Kenyan football needs root and branch change, not a prune, according to the only woman running for the top job in the upcoming elections.
Elizabeth Shako hopes to become the first female boss of the Kenyan game when the poll takes place next month.
"Kenyans are ready for change and will accept whoever brings change, be it a woman or a man," she told BBC Sport.
"I stand as an alternative to the bad leadership that's been there."
Kenyan football has been split between two factions since 2004 and the forthcoming elections are part of Fifa's plan to resolve the problems.
Also hoping to be crowned on 13 August are Kenya Football Federation chairman Sam Nyamweya and his bitter rival Mohammed Hatimy of Football Kenya Limited.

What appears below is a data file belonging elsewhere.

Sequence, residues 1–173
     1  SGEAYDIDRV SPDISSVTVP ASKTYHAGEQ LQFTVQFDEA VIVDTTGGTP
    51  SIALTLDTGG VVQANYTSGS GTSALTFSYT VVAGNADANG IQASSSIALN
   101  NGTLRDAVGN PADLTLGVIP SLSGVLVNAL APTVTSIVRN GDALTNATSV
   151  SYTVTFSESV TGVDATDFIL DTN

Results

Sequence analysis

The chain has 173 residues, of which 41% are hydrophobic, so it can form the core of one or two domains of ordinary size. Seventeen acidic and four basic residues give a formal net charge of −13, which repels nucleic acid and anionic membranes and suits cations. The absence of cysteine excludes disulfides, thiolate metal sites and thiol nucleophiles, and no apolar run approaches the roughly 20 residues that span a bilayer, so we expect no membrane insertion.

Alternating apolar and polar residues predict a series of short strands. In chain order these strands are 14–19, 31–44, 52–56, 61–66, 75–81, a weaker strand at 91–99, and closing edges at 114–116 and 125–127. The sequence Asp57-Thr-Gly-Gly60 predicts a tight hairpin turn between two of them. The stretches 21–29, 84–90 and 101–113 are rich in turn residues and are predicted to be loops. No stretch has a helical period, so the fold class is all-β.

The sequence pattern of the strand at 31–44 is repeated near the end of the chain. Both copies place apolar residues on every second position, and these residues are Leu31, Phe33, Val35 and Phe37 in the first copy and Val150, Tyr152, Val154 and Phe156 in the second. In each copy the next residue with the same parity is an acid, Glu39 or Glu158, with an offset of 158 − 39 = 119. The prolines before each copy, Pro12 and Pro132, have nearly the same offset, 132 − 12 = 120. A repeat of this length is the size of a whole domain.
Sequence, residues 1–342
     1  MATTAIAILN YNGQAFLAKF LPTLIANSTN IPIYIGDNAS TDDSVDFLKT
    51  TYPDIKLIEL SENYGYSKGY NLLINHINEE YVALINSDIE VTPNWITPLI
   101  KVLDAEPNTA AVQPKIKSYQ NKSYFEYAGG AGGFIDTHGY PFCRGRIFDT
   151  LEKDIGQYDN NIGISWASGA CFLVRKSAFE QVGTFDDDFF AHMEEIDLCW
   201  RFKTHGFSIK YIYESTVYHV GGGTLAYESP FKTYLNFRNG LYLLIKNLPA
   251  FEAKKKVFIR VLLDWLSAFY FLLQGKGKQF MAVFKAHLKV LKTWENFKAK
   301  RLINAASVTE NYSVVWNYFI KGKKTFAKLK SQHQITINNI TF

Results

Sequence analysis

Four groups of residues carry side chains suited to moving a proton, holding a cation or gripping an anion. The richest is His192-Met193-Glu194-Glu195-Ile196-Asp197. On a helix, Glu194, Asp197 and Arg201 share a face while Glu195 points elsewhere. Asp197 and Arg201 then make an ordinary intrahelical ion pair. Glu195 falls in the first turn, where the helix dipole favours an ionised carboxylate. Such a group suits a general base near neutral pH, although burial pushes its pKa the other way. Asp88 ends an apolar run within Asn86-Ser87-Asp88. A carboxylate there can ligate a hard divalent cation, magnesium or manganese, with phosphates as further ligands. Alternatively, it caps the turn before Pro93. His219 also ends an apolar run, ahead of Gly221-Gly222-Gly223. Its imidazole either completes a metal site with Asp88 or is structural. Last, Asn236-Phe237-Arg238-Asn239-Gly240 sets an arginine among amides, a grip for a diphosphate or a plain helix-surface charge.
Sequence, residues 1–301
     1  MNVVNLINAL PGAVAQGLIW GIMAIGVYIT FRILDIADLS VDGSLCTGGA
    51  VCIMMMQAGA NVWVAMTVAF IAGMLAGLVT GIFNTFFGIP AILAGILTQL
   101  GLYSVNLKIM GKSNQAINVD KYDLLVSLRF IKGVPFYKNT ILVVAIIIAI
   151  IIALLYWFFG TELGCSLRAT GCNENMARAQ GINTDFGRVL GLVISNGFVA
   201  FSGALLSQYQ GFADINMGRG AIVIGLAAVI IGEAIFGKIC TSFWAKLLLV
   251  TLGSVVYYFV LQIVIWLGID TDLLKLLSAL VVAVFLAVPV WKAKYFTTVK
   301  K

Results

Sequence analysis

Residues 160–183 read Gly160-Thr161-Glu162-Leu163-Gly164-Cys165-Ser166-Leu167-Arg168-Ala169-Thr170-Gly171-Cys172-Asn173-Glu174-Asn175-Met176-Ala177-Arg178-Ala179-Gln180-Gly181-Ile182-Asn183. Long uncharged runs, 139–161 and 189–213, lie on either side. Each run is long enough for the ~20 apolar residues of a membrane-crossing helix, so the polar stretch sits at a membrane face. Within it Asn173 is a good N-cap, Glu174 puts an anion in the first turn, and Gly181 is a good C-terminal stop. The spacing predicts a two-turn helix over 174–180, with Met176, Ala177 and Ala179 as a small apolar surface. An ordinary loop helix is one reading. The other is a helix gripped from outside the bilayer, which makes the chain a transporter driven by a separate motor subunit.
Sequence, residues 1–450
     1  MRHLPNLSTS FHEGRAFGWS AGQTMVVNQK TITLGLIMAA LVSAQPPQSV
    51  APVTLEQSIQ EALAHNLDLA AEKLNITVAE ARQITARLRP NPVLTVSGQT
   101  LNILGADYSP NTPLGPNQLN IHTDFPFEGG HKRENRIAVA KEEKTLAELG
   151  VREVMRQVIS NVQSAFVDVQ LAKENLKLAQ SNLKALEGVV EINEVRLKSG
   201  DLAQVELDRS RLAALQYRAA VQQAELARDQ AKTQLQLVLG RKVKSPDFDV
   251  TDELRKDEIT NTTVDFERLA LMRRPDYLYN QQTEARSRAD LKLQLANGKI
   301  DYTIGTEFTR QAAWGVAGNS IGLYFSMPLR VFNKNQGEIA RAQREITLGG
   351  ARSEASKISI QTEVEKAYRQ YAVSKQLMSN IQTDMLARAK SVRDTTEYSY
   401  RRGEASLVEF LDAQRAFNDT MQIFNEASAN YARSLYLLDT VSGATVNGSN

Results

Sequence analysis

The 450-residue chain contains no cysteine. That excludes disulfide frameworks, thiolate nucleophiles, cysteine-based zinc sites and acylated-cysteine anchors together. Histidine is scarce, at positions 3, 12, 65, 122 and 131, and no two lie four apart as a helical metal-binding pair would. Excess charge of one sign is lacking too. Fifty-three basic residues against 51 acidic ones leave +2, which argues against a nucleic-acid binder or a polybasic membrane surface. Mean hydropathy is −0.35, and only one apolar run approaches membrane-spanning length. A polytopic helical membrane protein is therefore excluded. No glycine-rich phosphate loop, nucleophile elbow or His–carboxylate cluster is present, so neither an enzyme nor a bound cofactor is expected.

Shako has identified the presence of the "same old failed men" as the major obstacle to reform and progress in Kenyan football.
She claims there is support for a woman to take over and bring change to the way the sport is run in the East African nation.
"I believe women are also good managers and are able to lead," said Shako, better known in Kenya as a champion of women's football.
If elected, she has pledged to introduce "proper planning" and ensure that football officials take personal accountability.
"People have to know what we intend to do so that they can hold us accountable.
"All we need are working structures from grassroots to the national level, and a constitution to govern football not only now but in the future.
"I just feel so embarrassed because I know we have a lot of potential in this country," she said.